Common misteaks made by writers

I once wrote a newspaper editorial about making mistakes. I wrote it because I’d made a mistake in the newspaper a week or two before and I felt really bad about it. It was an honest mistake. However, the person affected by the mistake came into the newspaper office and really let me have it; said I shouldn’t make mistakes because I have a degree. Well, degree(s) or not, I still err like anyone else. I put it online for all to see, and if you want to read it, go here. It’s a little difficult to read and it was an attempt at humor (you can decide whether I was successful or not).

But that made me think about mistakes that I see often from writers. So, I thought I’d blog about that…maybe I’ll hit on something that even you weren’t aware of…editing this, I see it will take more than one…so consider this part 1.

One of the quickest ways to get tossed off an editor’s desk is first, format. Follow the directions for formatting. There is a general standard, but not all publishers are alike. Failing to follow their formatting guidelines proves you didn’t do your homework and that you don’t really care what they want. Thus, if you don’t care, why should they?

Next is work that is replete with errors. When submitting to a professional publication that you’d like them to pay you money for your work, yes, even one single solitary error will affect your submission. Proof, again and again.

So, what are some of the no-brainers of errors? Here are a few:

A lot of writers use “suppose” when they really need “supposed.” The first is in essence, thinking. “I suppose we could go there,” or “Do you suppose they arrived safely?” While the latter can be the past tense of the former (“We supposed they arrived safely.”), it is most often used to mean should have. “He was supposed to go today,” or, “You are supposed to stop at a red light.” I’ve seen many writers use the former in those situations. Thus, “He was suppose to go there,” is incorrect. As is “You are suppose to stop at a red light.” Both of these incorrect examples should use “supposed.”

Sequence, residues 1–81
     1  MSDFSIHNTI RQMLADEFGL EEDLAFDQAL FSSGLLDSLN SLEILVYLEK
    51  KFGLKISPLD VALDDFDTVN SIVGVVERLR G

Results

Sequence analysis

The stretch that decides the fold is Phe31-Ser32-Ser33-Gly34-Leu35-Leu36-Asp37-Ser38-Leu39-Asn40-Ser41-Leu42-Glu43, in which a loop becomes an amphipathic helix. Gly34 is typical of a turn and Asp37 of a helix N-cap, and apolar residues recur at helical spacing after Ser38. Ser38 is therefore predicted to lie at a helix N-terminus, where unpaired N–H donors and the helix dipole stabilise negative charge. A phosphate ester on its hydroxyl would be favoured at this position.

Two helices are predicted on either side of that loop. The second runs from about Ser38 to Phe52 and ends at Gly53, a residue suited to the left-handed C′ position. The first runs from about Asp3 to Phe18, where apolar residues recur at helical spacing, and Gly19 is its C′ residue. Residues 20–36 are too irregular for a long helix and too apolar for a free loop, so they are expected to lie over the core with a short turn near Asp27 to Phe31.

Its/it’s often gives writers fits. The easiest way to remember the difference here is, the apostrophe takes the place of an “I” and means it is. Its is possessive. It’s (see, it is) one of those possessive exceptions in that it is possessive and yet doesn’t use an apostrophe. Thus “It’s a long time until Christmas,” is actually “It is a long time until Christmas.” Whereas “What will you do with its wheel,” is possessive. Meaning the wheel belongs to something (presumably a car…or maybe a bike…or wagon).

Another easy one that writers shouldn’t get wrong is your/you’re. As in the its/it’s case, the former (your) is possessive and the later (you’re) has an apostrophe in place of a missing letter—in this case, “a.” Thus, “This is your blog,” means the blogs belongs to me (possessive). While “You’re going to run over your word count” (see how I got them both in one sentence?) means “You are going to run over your word count,” and the “your” indicates that word count belongs to me.

And, as this has gotten long, I’ll write more mistakes later!

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7 Comments

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7 responses to “Common misteaks made by writers